How do I become a voice actor?
Above everything, listen. Listen to voices that you think are within your range naturally. Start there and record yourself. Any recorder will do. Don’t strain! Begin only with what is easy and natural for your voice and build on that. Listen to yourself and get used to how you sound on tape (ok cd, digital, whatever… picky picky). You may be surprised at what you hear! Write down dialogue that you enjoy – from cartoons, commercials, tv shows, movies, etc. – and give it your own spin – on tape (or digital media). Pass it around to friends and family – especially kids, and get their input. You will get honest feedback. (Some of it may hurt at first, but what you resist, will ultimately help you the most, so please be open!!) Read for schools – in character voices for practice. A magnificent source for honest feedback!! Take classes with industry professionals. Make sure you get references from people who have taken them – or from reputable voice agencies. Unfortunately, there are a lot of people out there more interested in your money than your education. Most classes will supply you with a cd of your workshops when you finish. Have someone cut together the best clips representing you, your personality (or personalities), and your range of ability. Unless you really think you’re ready to do a pro demo reel, don’t spend the money to have it done professionally yet – this can be very costly and make you very sad and broke if you have to do it over when you are ready. When you get a reel together that you think is good, (no more than about 2 minutes – with short bits of each character with little or no spaces in between) have an agent or pro voice actors listen to it and critique you. Again, and I can’t stress this enough, listen to their advice and input and please don’t take what you perceive to be negative comments personally. When you get out into the real world of directors and producers who may not care to hear your opinion, you have to leave your ego at home, so ya might as well start practicing now.
The ability to act is even more important then what funny voices you can create. Work on your craft because you love it. You have to love it whether the money comes or not or you’re not following your true path. (This applies to anything you choose to do in your life!!) DON’T TAKE REJECTION PERSONALLY!! If you’re not chosen for a part, most likely, there’s a whole lot of opinions and character parameters that you know nothing about going on behind the scenes. Often they know what they want to hear, but have no idea how to communicate it until they actually hear it.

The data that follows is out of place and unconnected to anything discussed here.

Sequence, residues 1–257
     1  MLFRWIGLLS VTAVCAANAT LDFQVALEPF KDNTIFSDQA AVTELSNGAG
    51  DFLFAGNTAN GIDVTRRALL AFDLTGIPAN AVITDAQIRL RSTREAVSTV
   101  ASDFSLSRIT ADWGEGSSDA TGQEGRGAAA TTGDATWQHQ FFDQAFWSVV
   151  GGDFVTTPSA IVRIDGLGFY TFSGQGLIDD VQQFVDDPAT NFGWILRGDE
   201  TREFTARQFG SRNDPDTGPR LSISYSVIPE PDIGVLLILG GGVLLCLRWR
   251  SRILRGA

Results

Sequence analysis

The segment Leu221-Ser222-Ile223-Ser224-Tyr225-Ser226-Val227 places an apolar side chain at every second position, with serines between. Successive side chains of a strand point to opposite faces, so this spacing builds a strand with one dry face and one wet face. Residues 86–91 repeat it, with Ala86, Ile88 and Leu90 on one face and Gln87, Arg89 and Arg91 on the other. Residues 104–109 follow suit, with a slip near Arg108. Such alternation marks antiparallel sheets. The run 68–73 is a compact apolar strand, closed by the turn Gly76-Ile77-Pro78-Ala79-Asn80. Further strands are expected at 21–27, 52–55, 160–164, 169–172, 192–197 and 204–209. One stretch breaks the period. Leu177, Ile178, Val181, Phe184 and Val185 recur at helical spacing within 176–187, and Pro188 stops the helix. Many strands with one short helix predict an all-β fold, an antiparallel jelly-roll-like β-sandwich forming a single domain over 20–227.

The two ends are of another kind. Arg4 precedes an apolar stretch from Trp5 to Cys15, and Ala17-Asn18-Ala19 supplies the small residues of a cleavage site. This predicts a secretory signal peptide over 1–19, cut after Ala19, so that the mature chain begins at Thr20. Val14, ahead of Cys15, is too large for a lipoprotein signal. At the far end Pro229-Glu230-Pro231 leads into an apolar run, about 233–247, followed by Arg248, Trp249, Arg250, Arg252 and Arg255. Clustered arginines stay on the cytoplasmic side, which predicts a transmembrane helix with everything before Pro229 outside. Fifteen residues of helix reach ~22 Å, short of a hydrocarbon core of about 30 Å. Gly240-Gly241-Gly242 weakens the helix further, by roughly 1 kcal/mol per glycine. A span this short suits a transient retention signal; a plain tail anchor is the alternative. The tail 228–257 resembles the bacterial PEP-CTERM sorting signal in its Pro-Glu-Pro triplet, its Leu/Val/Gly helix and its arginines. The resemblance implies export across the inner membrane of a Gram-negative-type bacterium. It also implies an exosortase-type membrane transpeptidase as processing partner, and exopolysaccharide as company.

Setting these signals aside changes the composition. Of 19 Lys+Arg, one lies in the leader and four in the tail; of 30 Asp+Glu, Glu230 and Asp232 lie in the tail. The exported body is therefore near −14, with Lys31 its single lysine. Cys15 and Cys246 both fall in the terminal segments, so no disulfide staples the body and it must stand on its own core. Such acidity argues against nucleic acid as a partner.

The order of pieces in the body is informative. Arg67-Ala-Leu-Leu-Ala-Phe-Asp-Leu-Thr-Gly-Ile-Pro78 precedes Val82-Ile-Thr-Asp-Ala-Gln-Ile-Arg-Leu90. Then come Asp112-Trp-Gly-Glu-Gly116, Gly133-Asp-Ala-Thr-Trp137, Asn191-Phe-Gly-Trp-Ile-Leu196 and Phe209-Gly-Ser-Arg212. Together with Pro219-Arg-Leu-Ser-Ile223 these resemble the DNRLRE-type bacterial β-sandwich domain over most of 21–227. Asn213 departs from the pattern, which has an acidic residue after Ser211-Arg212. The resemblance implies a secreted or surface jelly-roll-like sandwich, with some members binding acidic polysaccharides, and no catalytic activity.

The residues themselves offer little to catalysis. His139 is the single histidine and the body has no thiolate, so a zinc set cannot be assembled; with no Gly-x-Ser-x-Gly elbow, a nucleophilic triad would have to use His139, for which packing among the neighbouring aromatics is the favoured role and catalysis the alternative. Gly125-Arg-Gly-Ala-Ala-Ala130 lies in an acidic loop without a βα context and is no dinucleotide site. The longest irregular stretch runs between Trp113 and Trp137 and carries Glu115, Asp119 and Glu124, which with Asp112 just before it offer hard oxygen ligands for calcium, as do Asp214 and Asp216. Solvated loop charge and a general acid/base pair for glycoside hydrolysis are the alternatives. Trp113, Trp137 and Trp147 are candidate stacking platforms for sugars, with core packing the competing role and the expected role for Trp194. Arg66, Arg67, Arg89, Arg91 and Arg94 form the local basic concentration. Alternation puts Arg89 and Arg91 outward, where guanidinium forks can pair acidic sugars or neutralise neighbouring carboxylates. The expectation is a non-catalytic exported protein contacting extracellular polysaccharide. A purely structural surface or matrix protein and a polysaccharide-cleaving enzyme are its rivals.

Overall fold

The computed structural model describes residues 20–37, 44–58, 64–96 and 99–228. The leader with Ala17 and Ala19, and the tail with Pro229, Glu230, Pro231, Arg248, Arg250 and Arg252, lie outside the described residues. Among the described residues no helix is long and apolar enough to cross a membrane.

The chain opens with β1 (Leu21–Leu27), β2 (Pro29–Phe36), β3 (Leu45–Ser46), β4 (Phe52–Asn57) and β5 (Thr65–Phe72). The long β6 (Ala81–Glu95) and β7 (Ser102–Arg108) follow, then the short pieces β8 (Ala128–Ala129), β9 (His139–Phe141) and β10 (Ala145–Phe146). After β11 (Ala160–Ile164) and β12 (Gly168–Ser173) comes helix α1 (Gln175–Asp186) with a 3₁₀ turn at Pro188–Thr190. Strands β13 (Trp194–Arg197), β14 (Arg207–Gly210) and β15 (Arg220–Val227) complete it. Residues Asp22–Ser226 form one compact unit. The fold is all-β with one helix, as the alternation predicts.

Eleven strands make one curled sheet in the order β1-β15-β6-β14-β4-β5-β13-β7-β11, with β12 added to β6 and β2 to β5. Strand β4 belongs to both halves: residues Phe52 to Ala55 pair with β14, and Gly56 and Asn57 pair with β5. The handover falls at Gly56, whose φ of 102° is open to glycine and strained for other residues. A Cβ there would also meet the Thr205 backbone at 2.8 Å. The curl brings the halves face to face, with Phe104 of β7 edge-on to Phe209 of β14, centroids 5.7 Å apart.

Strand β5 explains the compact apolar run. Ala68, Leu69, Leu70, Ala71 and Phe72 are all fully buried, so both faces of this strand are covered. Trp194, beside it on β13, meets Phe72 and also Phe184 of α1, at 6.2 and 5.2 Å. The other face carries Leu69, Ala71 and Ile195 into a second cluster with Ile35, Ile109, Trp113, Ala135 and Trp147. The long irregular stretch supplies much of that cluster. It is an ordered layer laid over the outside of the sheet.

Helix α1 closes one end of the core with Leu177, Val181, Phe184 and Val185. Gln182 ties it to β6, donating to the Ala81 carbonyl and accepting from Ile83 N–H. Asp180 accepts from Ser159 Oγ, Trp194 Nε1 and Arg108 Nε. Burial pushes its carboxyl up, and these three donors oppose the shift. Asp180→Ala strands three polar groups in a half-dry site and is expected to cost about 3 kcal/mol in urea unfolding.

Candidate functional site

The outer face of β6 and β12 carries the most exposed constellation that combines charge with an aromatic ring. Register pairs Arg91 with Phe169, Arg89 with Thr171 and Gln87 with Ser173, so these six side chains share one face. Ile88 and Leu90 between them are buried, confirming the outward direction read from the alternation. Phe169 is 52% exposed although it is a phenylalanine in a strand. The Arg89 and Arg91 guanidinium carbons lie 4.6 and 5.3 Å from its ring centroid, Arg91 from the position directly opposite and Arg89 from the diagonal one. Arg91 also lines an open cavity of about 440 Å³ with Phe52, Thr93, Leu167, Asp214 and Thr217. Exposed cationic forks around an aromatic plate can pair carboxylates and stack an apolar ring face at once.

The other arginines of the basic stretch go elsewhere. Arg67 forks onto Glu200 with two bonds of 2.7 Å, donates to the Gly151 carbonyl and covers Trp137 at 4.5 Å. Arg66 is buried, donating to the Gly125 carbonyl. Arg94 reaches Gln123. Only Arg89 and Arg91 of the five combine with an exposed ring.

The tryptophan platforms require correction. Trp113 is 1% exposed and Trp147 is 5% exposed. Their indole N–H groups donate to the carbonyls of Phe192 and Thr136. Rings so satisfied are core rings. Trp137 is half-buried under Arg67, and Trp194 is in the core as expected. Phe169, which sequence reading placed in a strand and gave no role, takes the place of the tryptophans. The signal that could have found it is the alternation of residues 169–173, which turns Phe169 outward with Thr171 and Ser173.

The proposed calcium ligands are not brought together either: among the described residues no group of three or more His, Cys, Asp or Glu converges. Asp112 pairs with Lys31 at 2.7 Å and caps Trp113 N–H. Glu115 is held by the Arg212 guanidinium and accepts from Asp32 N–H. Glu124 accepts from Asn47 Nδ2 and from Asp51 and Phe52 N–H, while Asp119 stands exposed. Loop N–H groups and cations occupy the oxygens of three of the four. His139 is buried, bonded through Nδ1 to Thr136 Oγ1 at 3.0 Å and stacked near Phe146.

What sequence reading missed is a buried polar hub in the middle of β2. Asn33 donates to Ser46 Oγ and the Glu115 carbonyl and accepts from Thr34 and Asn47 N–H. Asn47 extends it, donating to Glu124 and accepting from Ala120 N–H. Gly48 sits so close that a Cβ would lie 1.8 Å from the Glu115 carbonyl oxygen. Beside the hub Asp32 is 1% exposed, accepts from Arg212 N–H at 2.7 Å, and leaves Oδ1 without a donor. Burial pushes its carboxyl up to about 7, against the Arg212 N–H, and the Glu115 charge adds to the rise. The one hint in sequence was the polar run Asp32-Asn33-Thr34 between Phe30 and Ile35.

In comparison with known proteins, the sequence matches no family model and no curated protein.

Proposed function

Now, when you have honed down some brilliant material and can maintain those characters for hours at a time if need be, ask working actors or voiceover agencies to refer you to a professional demo producer. Get references and listen to some of the demos they’ve produced. A demo may be one of the costliest things in your career, but it’s your calling card, so take it seriously. The Voiceover Resource Guide has a tremendous amount of great information and industry contacts. Check them out at http://www.voiceoverresourceguide.com/la/04training.html
Also… my brilliant friends (and V/O compadres) Yuri Lowenthal and Tara Platt wrote a fun, comprehensive book on the subject that may save you years of heartache and potentially thousands of dollars. Check it out at
If you want a quick, concise, highly detailed “how to” and “how not to,” my uber-talented pal Dee Bradley Baker put this together for you. If you do nothing else, READ THIS!!
This is something you may not hear from a lot of actors and at this point in my career, it’s a lot easier to say – but always, always be happy when someone else gets the part. I know it sounds crazy and isn’t always easy to do, but I was taught this philosophy before I ever booked anything and it’s served me well. If you don’t get the part, there’s a reason. Not always a good one, but a justifiable reason nonetheless. When another actor gets a role – that’s your colleague, not your enemy!! Chances are, you will eventually work with that person at some point in your career. They may even become your friend. One of the greatest things about the voice community is that we (for the most part) care about our fellow actors. Much better way to live anyway. Competition is going to happen naturally, all by itself. Any angst you attach to it is not going to help anyone. You just concentrate on your performance and you’ll be a much happier person.
Now, when you do get auditions and gigs – BE RESPONSIBLE! Show up on time and with a good attitude. Most importantly, have fun!!! The directors and producers want you to do well!!
And finally, as my friend Jack Angel once told me… the audition IS the job. Do your best even when you’re not getting paid, especially when you’re not getting paid – because you’ll do that more than anything else. Almost 30 years in, and I audition twenty times more than I work. It ain’t always fun, that’s why they call it show business! Always remember that only you control how you feel.
Now get out there and make some noise!! See ya in the booth!
© 2012 Steve Blum